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Baylor students join LGBTQ class action suit against Department of Education

Baylor students join LGBTQ class action suit against Department of Education

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Veronica Penales said her coming out story from high school is like something out of a good movie.

Then her coming out at Baylor University was met with intolerance from some peers. She is one of two Baylor students who have joined a class action lawsuit filed Tuesday against the U.S. Department of Education. The suit challenges exemptions from federal anti-discrimination measures the Department of Education has provided to schools with religious affiliations that also receive federal funding.

Penales said she knew her high school in Shreveport, Louisiana, was accepting of LGBTQ people long before she decided to come out to all of her classmates and teachers at once during her senior year. During a blackout-themed pep rally, she waited until the students were singing their alma mater and held up a pride flag when they reached the word “pride” in the song’s lyrics. The flag stood out against the seniors’ all-black clothing, and her classmates cheered her on.

“It was like one of those really good movie kind of moments for coming out,” Penales said. “Which kind of sucks when you have to go back in the closet.”

The sophomore said Baylor Line Camp’s emphasis on religion made her decide to hold off on coming out to her new peers for a few weeks after and test the waters first. Two weeks after the camp for incoming freshmen, she felt much more at ease and decided to come out again. She got a rainbow flag painted on her leg at a face-painting stand for students before a football game. She was chosen as a flag runner for the game, one of the six students who run around the field after every touchdown carrying flags that spell out "B-A-Y-L-O-R" with a letter on each flag.

She posted a picture of herself from the game, captioned “flag runner,” to her Instagram account. Some students responded with disapproving comments, and one copied Veronica’s caption but removed the letter L from the word “flag.”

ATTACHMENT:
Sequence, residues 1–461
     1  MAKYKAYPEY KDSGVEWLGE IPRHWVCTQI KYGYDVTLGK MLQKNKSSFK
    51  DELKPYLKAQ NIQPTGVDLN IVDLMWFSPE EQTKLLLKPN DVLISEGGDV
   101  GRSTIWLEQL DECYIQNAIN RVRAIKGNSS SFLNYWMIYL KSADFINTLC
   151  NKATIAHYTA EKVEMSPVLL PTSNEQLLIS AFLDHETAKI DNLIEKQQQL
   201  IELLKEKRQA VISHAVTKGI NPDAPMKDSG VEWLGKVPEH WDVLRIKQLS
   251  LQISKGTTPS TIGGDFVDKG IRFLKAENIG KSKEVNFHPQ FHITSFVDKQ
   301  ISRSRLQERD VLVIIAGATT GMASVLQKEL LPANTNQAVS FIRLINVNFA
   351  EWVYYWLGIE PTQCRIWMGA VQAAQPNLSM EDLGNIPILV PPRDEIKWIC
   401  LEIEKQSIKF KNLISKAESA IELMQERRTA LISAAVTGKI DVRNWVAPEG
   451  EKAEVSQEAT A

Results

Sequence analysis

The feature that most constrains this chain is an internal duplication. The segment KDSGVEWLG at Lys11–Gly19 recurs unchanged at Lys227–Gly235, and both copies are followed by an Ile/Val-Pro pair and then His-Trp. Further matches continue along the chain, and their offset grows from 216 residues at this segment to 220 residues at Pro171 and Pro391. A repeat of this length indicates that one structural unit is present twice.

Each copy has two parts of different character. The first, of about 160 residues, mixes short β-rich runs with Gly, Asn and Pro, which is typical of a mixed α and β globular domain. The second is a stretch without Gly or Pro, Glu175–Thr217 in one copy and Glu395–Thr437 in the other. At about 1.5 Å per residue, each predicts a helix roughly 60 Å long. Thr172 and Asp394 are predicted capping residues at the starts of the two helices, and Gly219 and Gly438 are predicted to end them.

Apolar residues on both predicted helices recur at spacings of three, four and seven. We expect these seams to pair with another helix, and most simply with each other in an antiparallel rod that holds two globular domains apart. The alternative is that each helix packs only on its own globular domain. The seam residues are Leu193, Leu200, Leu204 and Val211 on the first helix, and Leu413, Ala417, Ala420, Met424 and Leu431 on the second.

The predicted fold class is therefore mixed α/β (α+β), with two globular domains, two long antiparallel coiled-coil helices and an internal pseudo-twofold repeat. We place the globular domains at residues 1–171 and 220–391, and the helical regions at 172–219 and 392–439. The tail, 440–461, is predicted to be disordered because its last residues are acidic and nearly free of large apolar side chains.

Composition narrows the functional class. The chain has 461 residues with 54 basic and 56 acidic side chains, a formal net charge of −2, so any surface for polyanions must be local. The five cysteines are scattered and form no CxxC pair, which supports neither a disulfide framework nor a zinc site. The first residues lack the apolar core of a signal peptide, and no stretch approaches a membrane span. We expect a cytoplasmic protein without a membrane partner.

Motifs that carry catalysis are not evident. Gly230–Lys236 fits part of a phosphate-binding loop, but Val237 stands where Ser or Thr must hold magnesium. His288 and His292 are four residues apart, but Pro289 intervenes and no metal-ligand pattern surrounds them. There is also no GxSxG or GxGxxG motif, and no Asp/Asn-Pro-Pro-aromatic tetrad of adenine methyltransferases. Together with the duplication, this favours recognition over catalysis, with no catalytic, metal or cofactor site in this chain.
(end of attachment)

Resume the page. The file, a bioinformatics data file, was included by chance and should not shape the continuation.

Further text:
She deleted it and moved on. The next year, the student senate passed the “No Crying on Sundays” bill she wrote, which calls for the Baylor Board of Regents to approve an official student-group charter for Gamma Alpha Upsilon, an unofficial LGBTQ student group. After the bill passed, someone started leaving sticky notes with anti-LGBTQ slurs written on them on the door to her dorm room, Penales said. Her residence hall director was apologetic and reported the incidents, but nothing ever happened.

Penales identifies as queer, and said she hopes the lawsuit will force Baylor University to formally recognize LGBTQ student groups and take stronger action against homophobia on campus.

“Baylor has been trying to silence this issue for as long as it’s been an issue, and I don’t think they’re going to be able to do that anymore, especially with the lawsuit out,” Penales said.

The lawsuit argues the Education Department should, in cases of LGBTQ discrimination, hold religious higher education institutions that receive taxpayer money to the same standards as other institutions.

“The Department’s inaction leaves students unprotected from the harms of conversion therapy, expulsion, denial of housing and healthcare, sexual and physical abuse and harassment, as well as the less visible, but no less damaging, consequences of institutionalized shame, fear, anxiety and loneliness,” the lawsuit states.

'Concrete action'

Penales said the national consequences of victory would be “concrete action” toward getting clubs like hers officially recognized and help fight discrimination on campuses. Multiple LGBTQ student groups have been asking for recognition Baylor for decades. The latest iteration, Gamma Alpha Upsilon, has been asking for 10 years.

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Baylor Gamma Alpha Upsilon Vice President Jake Picker (left) and student senator Veronica Penales have joined a federal class action lawsuit against the Department of Education challenging religious schools' exemptions from anti-discrimination measures.

Paul Southwick, director of the Religious Exemption Accountability Project, filed the lawsuit Tuesday in the United States District Court of Oregon’s Eugene division. Southwick is representing 30 named plaintiffs and three anonymous plaintiffs who are all students at religious higher education institutions throughout the country, including two Baylor students, Penales and Jake Picker.

Southwick said the lawsuit aims to make the Department of Education protect LGBTQ students under Title IX anti-discrimination laws.

The lawsuit contains personal stories from each plaintiff. In one, a graduate of Bob Jones University in Greenville, South Carolina, remained closeted on campus but was disciplined for posting online about LGBTQ issues and a book with a lesbian main character. During a meeting with administrators, they presented her with print-outs of her social media activity over the last month, called the posts evidence she was gay and “attempted to force her to admit she was homosexual.”